Photo credit: Chaidizai

On a rainy day in June –pick one, it rained every day– there came a point when I asked myself how hard it would be to make a spicy margarita at home. I believe that point came when I was going through receipts, balancing my budget, and realizing stock in General Motors was a better investment than where my money had been going.

This summer, I’ve seen spicy margaritas on more than a few cocktail menus in Manhattan, and I’ve had zero self-restraint against them. La Esquina’s spicy marg is spectacular, but its ¿Habla A-list? reservation system is such that I have to start planning on that spicy marg a month in advance.

Fat Hippo’s is my favorite and can be enjoyed for a shocking $8 at the sleek restaurant and bar at Clinton at Rivington in the LES. It packs a lot of heat, so you’re getting more flavor than you’re paying for. Nearby, the Stanton Social sells a little sip-able spice. I wish I remembered more about it, but that’s probably a good indication that it did what it was supposed to.

In the West Village, I love Entwine’s seasonal spicy margarita. It’s not particularly caustic, but I suspect they have to display some sensibility to their wino-skewing crowd. And Entwine’s happy hour discount of 30% of your entire bill means the drink is equally mild on your wallet. In the East Village, The Redhead makes a $10 “jala~pina,” its tequila infused with both pineapple and jalapeños. While it’s more about pineapple than pepper, it’s still muy bueno. (And the staff at The Redhead is about as pleasant as they come, and they sell homemade bacon peanut brittle.)

Even Craft has an excellent concoction, but, like the Redhead’s, the flame is tempered by muddled cucumber. And it’s pricy.

For the price of two spicy margs plus tax and tips, I bought a liter each of Jose Silver ($25), Hiram Walker Triple Sec ($6, on sale), 3 jalapeños ($2), and a few lemons and limes ($2).

I was almost annoyed at how easy it was to do.


What you’ll need

– A liter of tequila. I like silver tequilas, and I won’t go lower than Jose/Sauza in price no matter what I’m doing to make the stuff. But maybe you only drink Patron. Or maybe you have a Brita filter just for cheap vodka and tequila. Good for you.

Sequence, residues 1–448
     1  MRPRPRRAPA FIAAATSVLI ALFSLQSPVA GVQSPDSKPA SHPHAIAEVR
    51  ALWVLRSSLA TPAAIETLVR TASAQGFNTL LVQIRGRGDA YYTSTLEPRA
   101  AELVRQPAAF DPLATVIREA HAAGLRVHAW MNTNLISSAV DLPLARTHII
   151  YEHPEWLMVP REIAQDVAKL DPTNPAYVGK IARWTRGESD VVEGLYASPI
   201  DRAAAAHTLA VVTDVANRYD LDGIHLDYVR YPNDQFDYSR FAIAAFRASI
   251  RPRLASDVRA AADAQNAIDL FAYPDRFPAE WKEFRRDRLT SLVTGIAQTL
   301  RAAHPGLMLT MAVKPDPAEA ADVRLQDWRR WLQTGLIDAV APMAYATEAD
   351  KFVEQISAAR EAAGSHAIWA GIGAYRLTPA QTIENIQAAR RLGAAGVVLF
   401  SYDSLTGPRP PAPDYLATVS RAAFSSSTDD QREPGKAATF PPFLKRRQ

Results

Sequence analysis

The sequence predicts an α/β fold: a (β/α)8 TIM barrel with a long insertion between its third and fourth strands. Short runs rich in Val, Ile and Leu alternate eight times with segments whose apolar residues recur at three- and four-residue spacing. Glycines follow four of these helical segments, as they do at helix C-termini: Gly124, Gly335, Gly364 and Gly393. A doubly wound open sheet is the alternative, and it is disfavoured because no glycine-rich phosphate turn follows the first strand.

– A liter of triple sec. I go 1:1 in my ratio. I don’t think brand matters as much with this stuff, so go for what makes you happy.
– Three jalapeño peppers. You don’t have to use jalapeños, but if you don’t, they won’t be jalapeño margaritas. Only you can decide whether you can live with yourself after this decision.
– Lemons and limes and a knife to cut them up with.
– A clean pitcher.
– Salt, if you go for a salt rim. Pshhh.
– Paper towels, because this can get sticky if you’re messy.

What to do

– For REALLY spicy margaritas, you’re going to need to get started at least 48 hours in advance. For more mild margs, a full afternoon to 24 hours will be all you need. And if you’re not really sure this is a good idea, just use one or two jalapeños.

– Cut the stems off the top of the jalapeños and discard, then cut each of the jalapeños into 4-5 thin strips (ignore the stock photo above), thin enough to move through the neck of the tequila bottle easily. Remove ALL seeds, unless you have no taste buds / hate your friends.

– Drop the jalapeño strips in the tequila.

– Let it sit. This is 80 proof alcohol, so you shouldn’t have to worry about bacteria or anything affecting your jalapeños. The only contaminant that could get in there is your grubby self when you can’t wait another minute for a spicy margarita. (But do feel free to taste-test as you infuse it so you can stop it when you think it’s spicy enough.) Don’t worry if your tequila takes on a pretty greenish hue. That means it’s working.

– When you’re ready to take the peppers out and drink it, just pour the tequila in your pitcher. You might have to shake out the jalapeño strips, but they’ll come out as easily as they went in. Pour the tequila back in the bottle.

Drink up

My margarita ratio is one part tequila to one part triple sec, both about 2 ounces but maybe a little more triple sec, with a whole lime or half a lemon of juice. You could also do tequila and triple sec and add some 7-Up and replace the lemon juice with OJ to make it kind of like a spicy Mexican martini, which I used to drink all the time in Austin.

This is a strong recipe, yes, but if that’s not what you’re going for, what the hell are you drinking margaritas for?!